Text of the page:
- High temperature: Temperature is directly proportional to the rate of a chemical reaction. As temperature increases, molecules move faster, meaning that the probability of the molecules of the reactants bumping into each other is higher. At the same time, some molecules easily break their bonds at higher temperatures.
- Physical state of the reactants: The surface area of solid reactants is crucial to the rate of reaction. For instance, sawdust is potentially more flammable than lumber because the latter has greater surface area.
- Presence of a catalyst or inhibitor: While a catalyst doesn’t participate in a chemical reaction, it does make the reaction occur faster. For example, potassium iodide and manganese (IV) oxide are commonly used as catalysts in the decomposition of hydrogen peroxide, such as in the elephant toothpaste experiment. Naturally, hydrogen peroxide decomposes very slowly, but in the presence of these catalysts, its decomposition is sped up rapidly. Meanwhile, inhibitors slow down chemical reactions or prevent them from occurring at all. For example, enzymes can be prevented from binding with substrates in the presence of inhibitors.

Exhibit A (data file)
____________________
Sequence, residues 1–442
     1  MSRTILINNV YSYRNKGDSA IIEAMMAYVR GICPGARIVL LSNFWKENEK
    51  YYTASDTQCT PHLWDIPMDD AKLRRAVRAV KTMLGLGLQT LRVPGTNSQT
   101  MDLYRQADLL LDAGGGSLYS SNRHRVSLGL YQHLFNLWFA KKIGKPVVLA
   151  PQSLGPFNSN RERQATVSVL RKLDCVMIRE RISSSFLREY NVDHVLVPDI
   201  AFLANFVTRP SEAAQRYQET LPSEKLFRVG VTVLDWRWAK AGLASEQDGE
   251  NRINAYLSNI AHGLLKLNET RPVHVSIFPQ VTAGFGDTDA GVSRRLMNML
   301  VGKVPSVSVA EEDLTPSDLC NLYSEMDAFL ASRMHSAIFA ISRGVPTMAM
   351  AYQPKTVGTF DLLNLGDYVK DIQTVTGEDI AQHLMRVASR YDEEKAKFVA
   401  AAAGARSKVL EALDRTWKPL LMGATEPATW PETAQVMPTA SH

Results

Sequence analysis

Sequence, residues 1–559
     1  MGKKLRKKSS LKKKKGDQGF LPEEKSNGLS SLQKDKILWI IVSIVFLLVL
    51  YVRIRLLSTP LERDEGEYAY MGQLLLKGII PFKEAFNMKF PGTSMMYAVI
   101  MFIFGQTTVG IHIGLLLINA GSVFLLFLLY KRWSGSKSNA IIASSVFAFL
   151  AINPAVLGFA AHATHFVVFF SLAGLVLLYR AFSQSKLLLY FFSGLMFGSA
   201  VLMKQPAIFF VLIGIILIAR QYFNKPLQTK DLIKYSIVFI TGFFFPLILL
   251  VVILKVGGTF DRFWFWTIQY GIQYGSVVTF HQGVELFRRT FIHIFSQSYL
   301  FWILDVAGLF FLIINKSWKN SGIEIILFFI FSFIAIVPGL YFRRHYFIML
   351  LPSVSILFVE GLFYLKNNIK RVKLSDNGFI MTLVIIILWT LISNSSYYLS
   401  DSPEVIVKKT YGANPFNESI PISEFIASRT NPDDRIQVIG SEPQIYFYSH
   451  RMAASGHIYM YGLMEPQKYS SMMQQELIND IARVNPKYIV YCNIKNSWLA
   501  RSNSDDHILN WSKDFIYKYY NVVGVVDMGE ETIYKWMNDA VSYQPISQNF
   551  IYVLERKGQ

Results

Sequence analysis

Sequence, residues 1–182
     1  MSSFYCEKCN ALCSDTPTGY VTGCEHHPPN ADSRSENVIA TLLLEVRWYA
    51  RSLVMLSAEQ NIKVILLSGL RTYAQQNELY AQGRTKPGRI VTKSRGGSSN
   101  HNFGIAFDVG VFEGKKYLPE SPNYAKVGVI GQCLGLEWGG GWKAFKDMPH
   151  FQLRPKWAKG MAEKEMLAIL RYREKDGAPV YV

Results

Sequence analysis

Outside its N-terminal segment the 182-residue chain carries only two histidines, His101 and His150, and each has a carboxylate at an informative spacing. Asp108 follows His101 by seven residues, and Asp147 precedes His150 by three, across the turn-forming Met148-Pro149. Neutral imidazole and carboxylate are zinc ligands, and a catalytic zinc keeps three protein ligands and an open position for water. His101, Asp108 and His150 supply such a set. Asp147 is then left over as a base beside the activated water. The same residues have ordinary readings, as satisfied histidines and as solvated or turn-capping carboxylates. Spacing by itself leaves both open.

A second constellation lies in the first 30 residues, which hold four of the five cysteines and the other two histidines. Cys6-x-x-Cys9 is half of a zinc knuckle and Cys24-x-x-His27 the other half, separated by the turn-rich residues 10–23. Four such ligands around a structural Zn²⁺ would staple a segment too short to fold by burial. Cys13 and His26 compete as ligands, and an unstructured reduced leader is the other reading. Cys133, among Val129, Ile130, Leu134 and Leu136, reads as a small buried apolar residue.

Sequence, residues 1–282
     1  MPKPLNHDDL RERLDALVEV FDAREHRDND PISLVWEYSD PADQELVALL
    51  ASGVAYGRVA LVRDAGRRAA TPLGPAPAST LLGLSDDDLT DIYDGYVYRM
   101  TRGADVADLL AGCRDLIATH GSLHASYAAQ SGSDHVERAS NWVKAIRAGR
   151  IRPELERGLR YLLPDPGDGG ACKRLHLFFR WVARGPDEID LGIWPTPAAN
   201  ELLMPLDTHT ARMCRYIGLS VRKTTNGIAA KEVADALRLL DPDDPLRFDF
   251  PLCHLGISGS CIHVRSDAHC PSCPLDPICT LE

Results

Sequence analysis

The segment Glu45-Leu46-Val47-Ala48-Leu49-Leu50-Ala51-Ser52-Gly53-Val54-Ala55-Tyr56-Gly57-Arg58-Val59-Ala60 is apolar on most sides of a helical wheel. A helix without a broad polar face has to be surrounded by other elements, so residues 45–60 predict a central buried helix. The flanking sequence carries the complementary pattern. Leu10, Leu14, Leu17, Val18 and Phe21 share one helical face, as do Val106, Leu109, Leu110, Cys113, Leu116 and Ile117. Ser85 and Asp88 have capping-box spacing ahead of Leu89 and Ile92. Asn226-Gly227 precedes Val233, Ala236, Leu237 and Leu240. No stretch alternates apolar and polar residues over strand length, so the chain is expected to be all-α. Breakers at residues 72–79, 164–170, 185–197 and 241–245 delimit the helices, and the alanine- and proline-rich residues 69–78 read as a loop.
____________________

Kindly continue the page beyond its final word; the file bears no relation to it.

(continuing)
- Presence of light: The most common example of a chemical reaction that’s triggered by the presence of light is the imprinting of an image onto a photographic film, which contains silver halide. The intensity and wavelength of light also have an effect on the reaction. High-energy wavelengths, like ultraviolet rays, have stronger effects, such as in the case of the synthesis of vitamin D in the skin from cholesterol.
A reversible reaction is exactly what it sounds like: a reaction that can be reversed back into its original reactants. But it wasn’t until 1803 that scientists even realised chemical reactions could be reversed. We have Claude Louis Berthollet, a French chemist, to thank for the concept of reversible chemical reactions.